MuleSoft Marketers share their #WinOfTheWeek / #TellMeSomethingGood.
Some fun Slack team trivia we’ve done.
#Mutts-of-MuleSoft channel has taken off!

Tips: brainstorm activities that can be done via chat so teammates in different time zones can still participate, develop a calendar with prompts for the coming weeks, and find enthusiastic champions to keep rallying behind your program so engagement doesn’t drop off.

4. Host virtual events 

Apps like FaceTime, Zoom, Houseparty, Skype, and beyond are growing in popularity as people turn to video chats for face-to-face socializing in light of social distancing mandates. To help maintain human interaction, we continue to host our regular company-wide and all-marketing All Hands meetings. 

In addition to those mandatory business meetings, we started scheduling optional, more intimate events to facilitate quality time together, such as virtual workouts, happy hour and team lunches — organizing the Marketing team into randomized, smaller groups with an option to expense lunch to also help support local businesses. For the small-scale virtual events, we’ve suggested setting up Zoom meetings to take advantage of virtual backgrounds and gallery mode.

MuleSoft Marketers participating in virtual lunches and workouts.

Tips: put employees’ best interests at the center of your virtual events, consider your event’s value-add (or lack thereof), and keep in mind that not everyone is working on the same schedule or has the bandwidth to join every meeting, so record and share the mandatory ones whenever possible.

5. Focus on helpfulness

In this time of uncertainty, your employees may feel stressed, overwhelmed, anxious, or distracted. Being mindful that employees are not operating under “business-as-usual” circumstances should be a central component in your plans for engaging them. The key is to focus on activities and content that are entertaining, thoughtful, and digestible.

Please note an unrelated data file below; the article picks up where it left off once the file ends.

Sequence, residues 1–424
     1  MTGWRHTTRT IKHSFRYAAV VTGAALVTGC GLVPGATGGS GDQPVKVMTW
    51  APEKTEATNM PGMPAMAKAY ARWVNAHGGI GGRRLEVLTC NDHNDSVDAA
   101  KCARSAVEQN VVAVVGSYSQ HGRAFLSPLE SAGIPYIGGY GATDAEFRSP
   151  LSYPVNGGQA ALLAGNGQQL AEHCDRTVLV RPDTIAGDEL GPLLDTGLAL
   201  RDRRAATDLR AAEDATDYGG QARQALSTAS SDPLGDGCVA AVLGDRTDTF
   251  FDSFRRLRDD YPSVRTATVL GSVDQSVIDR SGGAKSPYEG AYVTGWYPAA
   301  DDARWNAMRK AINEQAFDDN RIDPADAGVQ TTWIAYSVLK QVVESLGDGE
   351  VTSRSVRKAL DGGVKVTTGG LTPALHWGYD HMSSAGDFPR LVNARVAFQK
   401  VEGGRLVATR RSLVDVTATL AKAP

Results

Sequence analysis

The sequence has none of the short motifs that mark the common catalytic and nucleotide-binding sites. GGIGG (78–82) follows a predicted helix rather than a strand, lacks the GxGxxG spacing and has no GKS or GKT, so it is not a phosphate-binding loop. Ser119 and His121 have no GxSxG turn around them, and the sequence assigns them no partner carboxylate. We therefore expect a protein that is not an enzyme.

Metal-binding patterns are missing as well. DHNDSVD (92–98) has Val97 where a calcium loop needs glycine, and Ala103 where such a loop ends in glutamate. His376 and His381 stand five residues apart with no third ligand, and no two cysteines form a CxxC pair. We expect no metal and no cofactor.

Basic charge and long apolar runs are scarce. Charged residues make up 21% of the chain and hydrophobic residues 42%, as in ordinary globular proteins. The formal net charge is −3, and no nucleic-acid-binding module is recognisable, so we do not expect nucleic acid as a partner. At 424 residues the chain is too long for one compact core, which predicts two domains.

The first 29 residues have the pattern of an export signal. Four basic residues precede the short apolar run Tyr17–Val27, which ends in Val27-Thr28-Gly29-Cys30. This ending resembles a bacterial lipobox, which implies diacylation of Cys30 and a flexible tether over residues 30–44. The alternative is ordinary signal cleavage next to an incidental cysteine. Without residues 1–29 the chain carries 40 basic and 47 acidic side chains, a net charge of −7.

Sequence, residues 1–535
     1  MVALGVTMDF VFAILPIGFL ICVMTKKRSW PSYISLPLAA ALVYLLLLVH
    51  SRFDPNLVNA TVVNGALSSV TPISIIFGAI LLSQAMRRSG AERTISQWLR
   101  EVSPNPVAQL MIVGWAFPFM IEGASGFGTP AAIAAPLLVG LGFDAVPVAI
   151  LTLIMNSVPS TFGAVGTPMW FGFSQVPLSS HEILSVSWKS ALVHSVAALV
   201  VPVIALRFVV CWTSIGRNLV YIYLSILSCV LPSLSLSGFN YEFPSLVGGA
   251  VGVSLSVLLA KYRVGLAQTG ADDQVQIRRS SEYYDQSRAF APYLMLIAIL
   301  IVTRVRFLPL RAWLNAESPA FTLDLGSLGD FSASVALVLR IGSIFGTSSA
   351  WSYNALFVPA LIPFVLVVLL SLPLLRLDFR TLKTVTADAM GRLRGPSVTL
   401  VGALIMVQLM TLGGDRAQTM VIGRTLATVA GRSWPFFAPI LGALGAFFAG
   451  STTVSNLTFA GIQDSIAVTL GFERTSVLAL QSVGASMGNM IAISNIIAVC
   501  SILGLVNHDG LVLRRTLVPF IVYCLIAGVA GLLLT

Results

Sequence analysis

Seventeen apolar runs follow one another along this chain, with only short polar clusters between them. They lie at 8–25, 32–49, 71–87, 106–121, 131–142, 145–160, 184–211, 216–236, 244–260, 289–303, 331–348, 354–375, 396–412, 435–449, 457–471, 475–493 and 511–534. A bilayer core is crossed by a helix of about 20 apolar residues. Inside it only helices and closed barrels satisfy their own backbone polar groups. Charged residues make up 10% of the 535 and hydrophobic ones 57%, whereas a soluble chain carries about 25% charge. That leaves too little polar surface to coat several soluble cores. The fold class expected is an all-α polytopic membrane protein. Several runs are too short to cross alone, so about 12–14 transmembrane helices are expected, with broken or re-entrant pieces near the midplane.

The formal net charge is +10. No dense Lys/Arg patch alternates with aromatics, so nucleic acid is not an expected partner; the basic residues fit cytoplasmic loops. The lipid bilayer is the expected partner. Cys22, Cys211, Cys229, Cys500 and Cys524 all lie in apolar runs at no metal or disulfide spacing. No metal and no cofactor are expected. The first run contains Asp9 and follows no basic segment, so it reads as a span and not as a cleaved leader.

Somewhere in the organization, a “Sanity Savers” document was created, full of crowdsourced lists of free online workouts, recommended TV shows, movies, books, board games, virtual experiences (famous museum tours, Netflix Watch Party app, live animal webcams, etc.), and more, so we shared it out and contributed to it. Those of us who are parents with young children at home have been exchanging anecdotes about how we’re managing, and many employees are proactively sharing general WFH tips. Finally, our team implemented COVID-Fridays, meaning no meetings after 1 p.m. as we head into weekends. 

Team members sharing WFH parenting pro-tips and encouragement.

Tips: crowdsource ideas, collect feedback, continue enhancing your plan, and amplify/support activities your team has organically spurred up on their own.

Keeping our employees productive and engaged at work has always been a top priority, but taking the friction out of work and facilitating connections in this crisis is paramount. I hope these tips are helpful as your organization navigates this challenging time. 

As mentioned above — we have tons of resources on how to stay sane and stay fit while working from home in our Sanity Savers document. Feel free to check it out to help you and your loved ones stay safe and sane!